Democratic presidential front-runner John Kerry rolled up big victories and a pile of delegates in five states Tuesday night, while rivals John Edwards and Wesley Clark kept their candidacies alive with singular triumphs in a dramatic cross-country contest.
Edwards easily won his native South Carolina and Clark, a retired Army general from Arkansas, eked out victory in neighboring Oklahoma. Howard Dean earned no wins and a handful of delegates, his candidacy in peril. Joe Lieberman was shut out, too, and dropped out of the race.
“It’s a huge night,” Kerry told The Associated Press, even as rivals denied him a coveted sweep.
Racking up victories in Missouri, Arizona, North Dakota, New Mexico and Delaware, Kerry suggested that his rivals were regional candidates.
“I compliment John Edwards, but I think you have to run a national campaign, and I think that’s what we’ve shown tonight,” the four-term Massachusetts senator said. “You can’t cherry-pick the presidency.”
With Iowa and New Hampshire already in his pocket, Kerry boasts a record of 7-2 in primary season contests. He won three states with more than 50 percent of the vote Tuesday, and ran strong in all seven contests, especially among voters favoring a candidate with experience or someone who can beat President Bush. Still, the undisputed front-runner missed a chance to put two major rivals away.
It was a night of blown opportunities all around. Edwards narrowly lost to Clark in Oklahoma, missing a chance to show his presidential mettle outside the South and emerge as Kerry’s chief rival.
Clark did better than expected – one victory and at least two second-place finishes – but it came at a heavy price. He spent $11 million on TV ads in hopes of standing alone against Kerry.
Of the 269 pledged delegates at stake Tuesday night, an AP analysis showed Kerry winning 112, Edwards 59, Clark 44, Dean four and Al Sharpton one, with 49 yet to be allocated. Kerry won the two most delegate-rich states, Missouri and Arizona, while Clark and Edwards divided the next two biggest prizes.
Tuesday’s results pushed Kerry just over 200 delegates out of 2,162 needed for the nomination, including the superdelegates of lawmakers and party traditionalists. Dean trailed by nearly 90, Edwards by more than 100.
Democrats award delegates based on a candidates’ showing in congressional districts, giving Kerry’s rivals a chance to grab a few delegates even in contests they lost.
In nearly every region of the nation, the most diverse group of Democrats yet to cast votes this primary season said they had a singular priority: Defeat Bush.
“I don’t care who wins” the Democratic primary, said Judy Donovan of Tucson, Ariz. “I’d get my dog to run. I’m not kidding. I would get Mickey Mouse in there. Anybody but Bush.”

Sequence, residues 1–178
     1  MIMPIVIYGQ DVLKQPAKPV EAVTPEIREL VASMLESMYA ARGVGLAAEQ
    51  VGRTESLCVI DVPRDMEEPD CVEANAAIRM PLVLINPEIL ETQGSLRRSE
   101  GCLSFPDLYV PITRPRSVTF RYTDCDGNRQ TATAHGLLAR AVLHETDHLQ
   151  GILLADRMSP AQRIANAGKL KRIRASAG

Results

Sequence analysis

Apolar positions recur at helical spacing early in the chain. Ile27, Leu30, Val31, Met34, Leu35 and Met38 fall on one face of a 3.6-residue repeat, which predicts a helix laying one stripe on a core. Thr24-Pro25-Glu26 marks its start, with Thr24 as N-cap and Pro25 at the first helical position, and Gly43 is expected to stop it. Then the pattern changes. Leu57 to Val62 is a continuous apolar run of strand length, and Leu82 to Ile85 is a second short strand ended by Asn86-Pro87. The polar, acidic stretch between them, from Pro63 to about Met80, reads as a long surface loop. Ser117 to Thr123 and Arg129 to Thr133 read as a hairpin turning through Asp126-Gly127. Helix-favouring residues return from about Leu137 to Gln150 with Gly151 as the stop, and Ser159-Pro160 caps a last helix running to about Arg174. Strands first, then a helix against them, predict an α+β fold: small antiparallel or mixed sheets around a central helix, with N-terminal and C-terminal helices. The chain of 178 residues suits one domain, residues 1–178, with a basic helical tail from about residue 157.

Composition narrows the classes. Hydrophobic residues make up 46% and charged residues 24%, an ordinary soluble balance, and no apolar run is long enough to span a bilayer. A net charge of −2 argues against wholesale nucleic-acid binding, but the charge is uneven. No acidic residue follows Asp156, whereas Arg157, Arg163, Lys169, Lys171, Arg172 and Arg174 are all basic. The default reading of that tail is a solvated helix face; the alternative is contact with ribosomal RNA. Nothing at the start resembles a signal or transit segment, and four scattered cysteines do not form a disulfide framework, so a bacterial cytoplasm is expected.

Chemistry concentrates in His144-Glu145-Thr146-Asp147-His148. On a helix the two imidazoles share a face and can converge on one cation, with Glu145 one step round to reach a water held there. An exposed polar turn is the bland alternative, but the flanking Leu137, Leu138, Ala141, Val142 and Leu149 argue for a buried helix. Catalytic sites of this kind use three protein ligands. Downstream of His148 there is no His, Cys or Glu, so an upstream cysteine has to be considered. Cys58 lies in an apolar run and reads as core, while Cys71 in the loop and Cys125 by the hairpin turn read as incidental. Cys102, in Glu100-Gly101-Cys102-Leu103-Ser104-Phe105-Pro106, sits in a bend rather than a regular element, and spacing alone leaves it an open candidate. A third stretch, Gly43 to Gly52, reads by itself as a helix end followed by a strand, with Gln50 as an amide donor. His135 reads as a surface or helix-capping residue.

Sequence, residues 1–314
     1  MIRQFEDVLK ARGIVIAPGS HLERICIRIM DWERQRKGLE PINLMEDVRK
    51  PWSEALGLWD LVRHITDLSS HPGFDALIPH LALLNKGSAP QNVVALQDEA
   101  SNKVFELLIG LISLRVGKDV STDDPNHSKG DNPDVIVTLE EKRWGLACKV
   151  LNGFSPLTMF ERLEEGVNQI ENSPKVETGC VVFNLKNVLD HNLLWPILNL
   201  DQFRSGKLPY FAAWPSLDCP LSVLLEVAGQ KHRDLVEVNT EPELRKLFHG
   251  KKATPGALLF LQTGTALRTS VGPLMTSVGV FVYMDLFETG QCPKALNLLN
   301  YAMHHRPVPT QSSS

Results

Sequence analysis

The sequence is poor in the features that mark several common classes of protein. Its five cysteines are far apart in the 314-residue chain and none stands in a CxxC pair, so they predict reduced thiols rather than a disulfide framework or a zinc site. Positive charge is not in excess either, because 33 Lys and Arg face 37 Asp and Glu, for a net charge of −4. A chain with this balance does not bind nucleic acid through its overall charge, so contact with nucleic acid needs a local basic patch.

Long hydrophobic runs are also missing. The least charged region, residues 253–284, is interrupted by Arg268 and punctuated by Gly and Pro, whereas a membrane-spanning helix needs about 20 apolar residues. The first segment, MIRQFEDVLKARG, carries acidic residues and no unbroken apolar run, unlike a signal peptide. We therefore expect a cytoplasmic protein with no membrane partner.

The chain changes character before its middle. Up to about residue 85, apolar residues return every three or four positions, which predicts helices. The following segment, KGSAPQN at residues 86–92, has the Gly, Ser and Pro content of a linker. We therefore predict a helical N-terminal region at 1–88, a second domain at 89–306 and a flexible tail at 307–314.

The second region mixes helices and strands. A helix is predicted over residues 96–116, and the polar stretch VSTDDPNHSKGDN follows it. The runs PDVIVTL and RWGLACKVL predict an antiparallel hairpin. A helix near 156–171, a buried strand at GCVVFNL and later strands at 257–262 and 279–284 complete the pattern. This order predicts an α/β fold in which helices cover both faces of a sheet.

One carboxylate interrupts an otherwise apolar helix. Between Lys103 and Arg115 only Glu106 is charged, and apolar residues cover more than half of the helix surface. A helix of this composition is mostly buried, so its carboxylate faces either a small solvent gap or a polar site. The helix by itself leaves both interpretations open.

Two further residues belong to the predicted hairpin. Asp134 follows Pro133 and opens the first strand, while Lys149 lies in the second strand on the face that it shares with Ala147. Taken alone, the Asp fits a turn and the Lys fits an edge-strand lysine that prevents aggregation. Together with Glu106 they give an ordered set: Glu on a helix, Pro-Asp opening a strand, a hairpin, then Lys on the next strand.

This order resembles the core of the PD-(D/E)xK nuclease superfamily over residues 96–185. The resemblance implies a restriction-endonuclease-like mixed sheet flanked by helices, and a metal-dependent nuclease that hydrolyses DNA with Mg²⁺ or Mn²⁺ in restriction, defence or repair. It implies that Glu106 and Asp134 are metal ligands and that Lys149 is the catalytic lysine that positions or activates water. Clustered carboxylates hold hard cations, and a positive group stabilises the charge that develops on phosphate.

In state after state, exit polls showed Kerry dominated among voters who want a candidate with experience or who could beat Bush.
Edwards had said he must win South Carolina, and he did by dominating among voters who said they most value a candidate who cares about people like them.
“It’s very easy to lay out the map to get us to the nomination,” Edwards told the AP, drawing a line from Michigan on Saturday to Virginia and Tennessee next Tuesday.
To the roar of his South Carolina supporters, Edwards declared, “The politics of lifting people up beats the politics of tearing people down.”
Clark declared victory from Oklahoma, standing before a red-white-and-blue banner and a crowd of cheering supporters. Calling himself “an old soldier from Arkansas,” the political novice said he was excited by “the first election that I ever won.”
Dean saved his money for a last stand in Wisconsin on Feb. 17, a long-shot strategy that some of his own advisers questioned.
“We’re going to have a tough night,” Dean told supporters as he promised to keep “going and going and going and going and going – just like the Energizer bunny.”
Said Steve Murphy, who ran Rep. Dick Gephardt’s campaign: “Howard Dean is done.” The list of ex-candidates grows: Florida Sen. Bob Graham dropped out first, then Carol Moseley Braun, Gephardt and Lieberman.
“Today the voters have rendered their verdict and I accept it,” Lieberman said.
Kerry, who just six weeks ago was written off as a candidate, reshaped the race with victories in Iowa and New Hampshire while Dean’s candidacy cratered. “I’ll keep working and fighting until I win the nomination, and then I’ll keep working and fighting until I beat George Bush,” he told the AP.
Kerry is racking up endorsements as he tries to unite the party behind his front-running candidacy. To that end, the 1.2 million-member American Federation of Teachers, the country’s second largest teachers’ union, planned to back Kerry on Wednesday, a senior union official said on condition of anonymity.